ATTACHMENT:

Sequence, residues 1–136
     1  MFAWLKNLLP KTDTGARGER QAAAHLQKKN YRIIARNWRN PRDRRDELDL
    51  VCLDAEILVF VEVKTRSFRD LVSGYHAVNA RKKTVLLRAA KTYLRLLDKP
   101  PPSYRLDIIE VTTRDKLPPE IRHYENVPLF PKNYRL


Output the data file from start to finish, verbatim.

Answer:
Sequence, residues 1–136
     1  MFAWLKNLLP KTDTGARGER QAAAHLQKKN YRIIARNWRN PRDRRDELDL
    51  VCLDAEILVF VEVKTRSFRD LVSGYHAVNA RKKTVLLRAA KTYLRLLDKP
   101  PPSYRLDIIE VTTRDKLPPE IRHYENVPLF PKNYRL